Blog Editor

About Hayley Reed

Hayley Reed is the editor of the LSE History Blog.
  • Nelson Mandela visits LSE. 6th April 2000
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    Africa at LSE – Full text of Nelson Mandela speech at LSE on 6 April 2000

Africa at LSE – Full text of Nelson Mandela speech at LSE on 6 April 2000

On 6 April 2000,  Nelson Mandela delivered a speech entitled Africa and Its Position in the World Today at LSE. The full transcript of this speech is below. You can also follow this link to watch a video of his speech.

Ladies and gentlemen. Forgive me if I am somewhat nervous. I come, as you know from the colonies! We […]

Theodore Gregory and early Economics at LSE

Sir Theodore Gregory (1890-1970) could be said to epitomise LSE. A student and member of staff from 1910 to 1937, he was international in outlook; interested in theory, practice and history; a gifted teacher; and valued by governments and institutions across the world, writes Robert Bigg. Gregory was, appropriately, one of the inaugural Honorary Fellows of the School in 1958.

Theodor […]

History events at Beveridge 2.0

Listen to podcasts from the free history events at the Beveridge 2.0 LSE Festival, 19-24 February 2018. Topics include the Second World War, the Welfare State and LSE in the 1930s. The LSE Library exhibition “A Time for Revolutions: Making the Welfare State” is still open to visitors.
Listen to podcasts
Beveridge in Context: reconstruction planning during the Second World War and after
Wednesday 21 February 2018 […]

February 14th, 2018|Beveridge 2.0, Events|0 Comments|

What’s the future of the welfare state?

In 1942, former LSE Director William Beveridge launched his blueprint for a British universal care system. As part of the School’s celebration, this academic year, of the 75th anniversary of the publication of the Beveridge report, the LSE IQ podcast asks, “What’s the future of the welfare state?”

Whether it is the underfunding of the NHS or the amount we spend […]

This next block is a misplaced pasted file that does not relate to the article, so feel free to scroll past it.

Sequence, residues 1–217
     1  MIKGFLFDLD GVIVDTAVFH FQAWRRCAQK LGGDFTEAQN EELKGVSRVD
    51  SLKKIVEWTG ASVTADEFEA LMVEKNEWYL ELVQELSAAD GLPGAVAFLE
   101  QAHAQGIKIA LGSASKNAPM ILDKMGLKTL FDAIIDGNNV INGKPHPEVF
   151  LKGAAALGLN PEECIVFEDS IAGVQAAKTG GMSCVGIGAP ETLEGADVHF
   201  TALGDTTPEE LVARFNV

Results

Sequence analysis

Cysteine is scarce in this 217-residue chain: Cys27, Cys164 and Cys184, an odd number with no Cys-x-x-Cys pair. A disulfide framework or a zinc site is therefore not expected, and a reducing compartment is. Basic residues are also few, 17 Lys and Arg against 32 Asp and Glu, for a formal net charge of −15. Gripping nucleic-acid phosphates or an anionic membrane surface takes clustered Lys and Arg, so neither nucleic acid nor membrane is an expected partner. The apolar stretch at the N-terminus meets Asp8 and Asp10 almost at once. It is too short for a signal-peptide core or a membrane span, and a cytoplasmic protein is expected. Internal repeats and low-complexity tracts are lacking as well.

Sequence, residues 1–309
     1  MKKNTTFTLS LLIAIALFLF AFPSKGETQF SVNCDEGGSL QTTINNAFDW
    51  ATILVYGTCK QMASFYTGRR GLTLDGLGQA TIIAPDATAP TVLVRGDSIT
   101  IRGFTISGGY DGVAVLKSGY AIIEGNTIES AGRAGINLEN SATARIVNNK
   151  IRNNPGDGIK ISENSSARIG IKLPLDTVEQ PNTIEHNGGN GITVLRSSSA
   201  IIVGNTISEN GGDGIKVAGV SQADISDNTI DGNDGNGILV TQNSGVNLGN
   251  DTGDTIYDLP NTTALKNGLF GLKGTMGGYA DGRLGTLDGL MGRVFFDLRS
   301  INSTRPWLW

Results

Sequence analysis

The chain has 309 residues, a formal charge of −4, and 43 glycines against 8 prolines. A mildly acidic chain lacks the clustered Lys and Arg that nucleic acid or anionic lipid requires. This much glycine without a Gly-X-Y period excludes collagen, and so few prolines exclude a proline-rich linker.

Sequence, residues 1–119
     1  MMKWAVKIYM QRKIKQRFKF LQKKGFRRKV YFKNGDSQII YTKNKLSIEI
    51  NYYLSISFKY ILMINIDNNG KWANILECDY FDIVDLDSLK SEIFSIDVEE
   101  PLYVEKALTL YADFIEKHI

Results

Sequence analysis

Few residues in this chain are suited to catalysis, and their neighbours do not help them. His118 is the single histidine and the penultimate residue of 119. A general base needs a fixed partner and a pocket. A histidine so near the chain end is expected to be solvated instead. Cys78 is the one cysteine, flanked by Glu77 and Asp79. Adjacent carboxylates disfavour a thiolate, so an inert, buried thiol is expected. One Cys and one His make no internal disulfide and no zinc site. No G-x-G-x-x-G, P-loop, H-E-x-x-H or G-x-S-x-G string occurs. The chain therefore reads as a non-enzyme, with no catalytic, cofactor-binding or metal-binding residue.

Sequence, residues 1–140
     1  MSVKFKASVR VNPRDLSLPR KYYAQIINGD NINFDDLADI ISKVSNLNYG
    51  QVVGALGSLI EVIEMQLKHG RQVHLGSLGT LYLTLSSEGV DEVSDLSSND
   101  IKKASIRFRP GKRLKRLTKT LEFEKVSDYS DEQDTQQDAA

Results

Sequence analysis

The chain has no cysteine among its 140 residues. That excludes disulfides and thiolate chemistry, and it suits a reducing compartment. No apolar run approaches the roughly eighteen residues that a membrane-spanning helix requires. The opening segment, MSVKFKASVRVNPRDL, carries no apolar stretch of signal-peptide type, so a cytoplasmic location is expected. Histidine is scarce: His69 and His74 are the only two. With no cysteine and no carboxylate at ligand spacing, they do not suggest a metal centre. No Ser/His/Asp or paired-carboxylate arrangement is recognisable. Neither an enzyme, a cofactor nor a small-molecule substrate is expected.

February 9th, 2018|Beveridge 2.0|0 Comments|

Pioneers of the social sciences

LSE is a world-leading pioneer of the social sciences. Subjects like international relations, social policy, sociology, social anthropology, social psychology and criminology all have their origins as subjects of university study in the innovative work carried out by LSE academics. Here are a selection of examples from LSE’s early years.
Accountancy
Academic accountancy in Britain was pioneered at LSE by a […]

December 27th, 2017|Academic life|0 Comments|
  • Bath Abbey Roper stone. Credit: Bath Abbey
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    Margaret and Brian Roper – from LSE to freedom of the City of Bath

Margaret and Brian Roper – from LSE to freedom of the City of Bath

In 2014 LSE alumni Margaret and Brian Roper received the freedom of Bath following years of community work and philanthropy in the city. Hayley Reed explores their lives as LSE students in the 1950s-1960s.
The Ropers in Bath
Margaret and Brian Roper made regular generous donations to organisations across Bath over decades, through their company Roper Rhodes and the Roper Family Charitable Trust.

Brian received an MBE in […]

November 20th, 2017|People, Student life, Women|0 Comments|

LSE Library’s collections and the First World War

Professor David Stevenson, LSE Department of International History, provides a brief look at LSE during wartime and introduces LSE Library’s collections relating to the First World War. The archives include evidence from well-known suffragettes, the Scottish Women’s Hospital organisation’s work in Macedonia, and Belgian refugees in Tunbridge Wells.
LSE and the First World War
When the First World War began, LSE had been established […]

  • Beveridge portrait
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    A Vice Chancellor’s portrait – Sir William Beveridge in the Shaw Library

A Vice Chancellor’s portrait – Sir William Beveridge in the Shaw Library

William Beveridge was Director of LSE 1919-1937. In 1926 he also became Vice Chancellor of the University of London. LSE Archivist Sue Donnelly finds out how LSE commissioned artist William Nicholson to paint a portrait of Beveridge to mark the occasion.

On 25 June 1926 LSE Director, William Beveridge was elected to the position of Vice Chancellor of the University of London. In […]

Researching inequality – LSE and the Ratan Tata Trust

The story of the Ratan Tata Trust’s 20 year support for research into “the administration of relief and prevention of destitution” illustrates LSE’s long relationship with both South Asia and the search for a solution to inequality, finds LSE Archivist Sue Donnelly.

In 1912 Sir Ratan Tata (1871-1918) gave the University of London a generous donation of £1,400 per year […]

LSE in the American Century

There has long been has been an overlap between the history of LSE and the USA, often personified in well-known individuals like JFK and Rockefeller. In this episode of podcast series The Ballpark, LSE’s United States Centre uncovers the real relationship between Americans, London and LSE.

 

Professor Michael Cox, Director of LSE IDEAS, believes LSE has helped shape the United States, and in turn Americans have […]